February 9, 2017

Time to Wake Up: 2016 Recapitulation

Mr. President, sometimes people ask how I come up for material for these speeches, week after week.  Well, it only takes reading the news.  Look at the headlines and dubious milestones of 2016.  

Last year was hot.  NASA and NOAA are expected to certify later this month that 2016 was the hottest year in recorded history, exceeding records set by 2015 and by 2014.  What this actually means is that 2014, 2015, and 2016 have each succeeded the last as the three hottest years on record.  The U.N. World Meteorological Organization found that the world was 1.2 degrees Celsius, or over 2 degrees Fahrenheit, warmer in 2016 than it was before the Industrial Revolution and the dawn of wide-scale fossil fuel use.  We are careening closer and closer to the 2-degrees-Celsius marker, which scientists say brings, to quote Donald Trump in 2009, “catastrophic” and “irreversible” climate effects. 

In 2016, climate change continued to make some places almost unrecognizable.  Up north in the Arctic, things got bizarre.  Thermometers spiked in mid-November to almost 35 degrees Fahrenheit warmer than normal, with a 37-year low in the nearby sea ice.  It actually rose above freezing at the North Pole.  Can you imagine, Mr./Madam President, the snow was actually beginning to melt at the North Pole, just weeks before Santa loaded his sleigh with Christmas gifts?

[GBR bleaching chart]

In the tropics, undersea forests of once-colorful coral stood bone white as the Great Barrier Reef experienced the greatest bleaching and coral die-off on record.  Warm waters stress the corals, forcing them to expel tiny symbiotic algae that give coral reefs their beautiful and unique colors, and their life.  When they go, the coral structures turn ghostly white.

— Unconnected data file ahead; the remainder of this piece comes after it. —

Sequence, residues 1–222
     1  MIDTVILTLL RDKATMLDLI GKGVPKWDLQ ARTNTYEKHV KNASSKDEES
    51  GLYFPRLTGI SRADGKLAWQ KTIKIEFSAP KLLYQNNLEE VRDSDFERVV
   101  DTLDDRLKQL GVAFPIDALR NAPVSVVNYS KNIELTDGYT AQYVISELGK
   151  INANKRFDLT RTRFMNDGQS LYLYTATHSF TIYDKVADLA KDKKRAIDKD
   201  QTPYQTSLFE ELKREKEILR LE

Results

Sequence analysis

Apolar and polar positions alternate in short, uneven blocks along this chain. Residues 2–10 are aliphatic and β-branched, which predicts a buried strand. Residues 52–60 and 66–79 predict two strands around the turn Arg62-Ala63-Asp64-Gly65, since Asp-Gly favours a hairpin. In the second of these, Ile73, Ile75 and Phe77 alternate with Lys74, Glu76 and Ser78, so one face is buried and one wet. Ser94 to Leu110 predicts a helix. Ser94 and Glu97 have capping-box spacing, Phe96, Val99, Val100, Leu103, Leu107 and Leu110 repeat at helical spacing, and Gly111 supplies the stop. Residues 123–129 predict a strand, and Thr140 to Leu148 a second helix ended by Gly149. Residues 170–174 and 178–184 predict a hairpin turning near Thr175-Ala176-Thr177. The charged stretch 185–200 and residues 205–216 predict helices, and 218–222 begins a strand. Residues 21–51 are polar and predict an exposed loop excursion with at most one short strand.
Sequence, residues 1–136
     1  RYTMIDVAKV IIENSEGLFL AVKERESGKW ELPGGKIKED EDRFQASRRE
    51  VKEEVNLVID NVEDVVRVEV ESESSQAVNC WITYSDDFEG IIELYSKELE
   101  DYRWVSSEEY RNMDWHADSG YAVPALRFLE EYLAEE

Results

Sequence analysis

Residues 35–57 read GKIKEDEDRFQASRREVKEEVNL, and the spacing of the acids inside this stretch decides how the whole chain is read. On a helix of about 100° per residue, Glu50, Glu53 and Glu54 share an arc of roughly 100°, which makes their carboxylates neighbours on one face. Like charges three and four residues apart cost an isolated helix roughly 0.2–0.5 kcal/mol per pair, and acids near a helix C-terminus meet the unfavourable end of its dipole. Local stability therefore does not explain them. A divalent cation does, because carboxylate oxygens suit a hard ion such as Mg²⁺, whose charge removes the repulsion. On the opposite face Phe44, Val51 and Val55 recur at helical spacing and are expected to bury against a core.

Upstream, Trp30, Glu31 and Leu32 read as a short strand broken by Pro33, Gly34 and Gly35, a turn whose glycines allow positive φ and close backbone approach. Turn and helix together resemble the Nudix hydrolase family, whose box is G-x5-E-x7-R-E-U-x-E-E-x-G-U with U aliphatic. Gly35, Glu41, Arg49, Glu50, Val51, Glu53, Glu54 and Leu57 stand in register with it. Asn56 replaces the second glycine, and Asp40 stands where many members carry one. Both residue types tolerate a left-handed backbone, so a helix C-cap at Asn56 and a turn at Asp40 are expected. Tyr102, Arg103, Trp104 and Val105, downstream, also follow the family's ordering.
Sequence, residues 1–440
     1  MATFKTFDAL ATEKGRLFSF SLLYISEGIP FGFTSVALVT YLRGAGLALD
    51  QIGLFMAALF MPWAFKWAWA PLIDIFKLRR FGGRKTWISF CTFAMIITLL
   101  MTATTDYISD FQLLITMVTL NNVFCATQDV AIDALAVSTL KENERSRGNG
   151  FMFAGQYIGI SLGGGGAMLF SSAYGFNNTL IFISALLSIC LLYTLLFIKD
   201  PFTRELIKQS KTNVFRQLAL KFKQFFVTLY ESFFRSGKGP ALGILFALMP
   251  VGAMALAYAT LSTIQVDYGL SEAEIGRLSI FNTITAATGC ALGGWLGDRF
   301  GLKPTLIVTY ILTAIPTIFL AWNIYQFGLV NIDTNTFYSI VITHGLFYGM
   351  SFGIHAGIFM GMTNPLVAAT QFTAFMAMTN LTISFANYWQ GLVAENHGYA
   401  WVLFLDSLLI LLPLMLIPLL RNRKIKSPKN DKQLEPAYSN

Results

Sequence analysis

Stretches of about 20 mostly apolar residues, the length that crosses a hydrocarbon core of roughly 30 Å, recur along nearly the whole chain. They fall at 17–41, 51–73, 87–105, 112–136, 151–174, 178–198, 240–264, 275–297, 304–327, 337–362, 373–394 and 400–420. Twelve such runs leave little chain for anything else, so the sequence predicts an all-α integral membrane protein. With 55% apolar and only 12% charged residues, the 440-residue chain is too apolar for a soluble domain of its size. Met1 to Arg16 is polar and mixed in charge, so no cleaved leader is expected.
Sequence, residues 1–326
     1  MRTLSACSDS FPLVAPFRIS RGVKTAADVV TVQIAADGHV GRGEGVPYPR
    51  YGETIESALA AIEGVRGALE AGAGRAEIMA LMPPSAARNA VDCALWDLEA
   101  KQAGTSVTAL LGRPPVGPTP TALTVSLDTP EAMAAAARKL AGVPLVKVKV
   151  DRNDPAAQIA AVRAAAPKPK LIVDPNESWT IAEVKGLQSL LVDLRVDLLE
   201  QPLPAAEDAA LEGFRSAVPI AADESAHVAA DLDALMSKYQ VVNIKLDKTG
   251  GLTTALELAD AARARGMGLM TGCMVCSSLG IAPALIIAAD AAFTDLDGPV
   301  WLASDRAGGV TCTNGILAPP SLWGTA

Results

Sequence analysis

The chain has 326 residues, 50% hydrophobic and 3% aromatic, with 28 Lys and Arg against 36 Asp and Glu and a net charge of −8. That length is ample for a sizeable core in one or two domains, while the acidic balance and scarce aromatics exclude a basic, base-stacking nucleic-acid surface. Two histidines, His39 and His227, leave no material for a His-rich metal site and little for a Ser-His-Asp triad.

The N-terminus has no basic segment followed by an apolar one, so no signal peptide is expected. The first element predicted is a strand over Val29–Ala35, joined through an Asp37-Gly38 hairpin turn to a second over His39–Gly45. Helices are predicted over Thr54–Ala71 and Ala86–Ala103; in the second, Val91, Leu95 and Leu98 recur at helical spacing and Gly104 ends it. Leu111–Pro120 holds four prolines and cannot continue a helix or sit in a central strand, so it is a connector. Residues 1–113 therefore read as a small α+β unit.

Researchers in Australia found severe bleaching throughout the Great Barrier Reef.  The Guardian reported in March that “93 percent of the 3,000 individual reefs [had] been touched by bleaching, and almost a quarter—22 percent of coral over the entire Great Barrier Reef [had] been killed by this bleaching event.”  By November, around two-thirds of the northern portion of the coral reef had died, with some atolls suffering complete devastation. 

We know from the physical law of thermal expansion, that as ocean water warms, it expands.  The oceans are also taking in melting water from our shrinking glaciers.  Both factors are causing sea levels to rise worldwide.

Last year the Proceedings of the National Academy of Sciences predicted that at our current pace, over 90 percent of the world’s coastal areas will experience almost 8 inches of sea level rise by 2040.  On the Atlantic Coast of the United States, that will be more than 15 inches. By 2040, a house you bought on the coast today could be literally underwater before you paid off your 30-year mortgage. 

[Zillow chart]

The real estate business is starting to take notice.  Zillow, the online real estate marketplace, released a tool for users last year to show how potential sea level rise by 2100 would affect the over 100 million U.S. homes in its database.  Around one in 50 homes in the United States, or just under 2 million properties, will find their ground floors underwater by 2100.  Thirty-six U.S. cities would be considered “completely lost” and another 300 cities would lose at least half their homes.  And that doesn’t include commercial or public property. 

 Government-backed mortgage giant Freddie Mac is girding for broad losses from climate-driven flooding.  “The economic losses and social disruption may happen gradually,” it wrote in an April 2016 report, “but they are likely to be greater in total than those experienced in the housing crisis and Great Recession.”  Some of the effects of climate change, it says, may not even be insurable.  And unlike the 2008 housing crash, owners of homes subsumed by rising seas would have little expectation of their homes’ values ever recovering, and little incentive to make mortgage payments, adding to steep losses for lenders and insurers.

[NY Times ad]

Remember, Donald Trump signed, along with his children, this full-page ad in the New York Times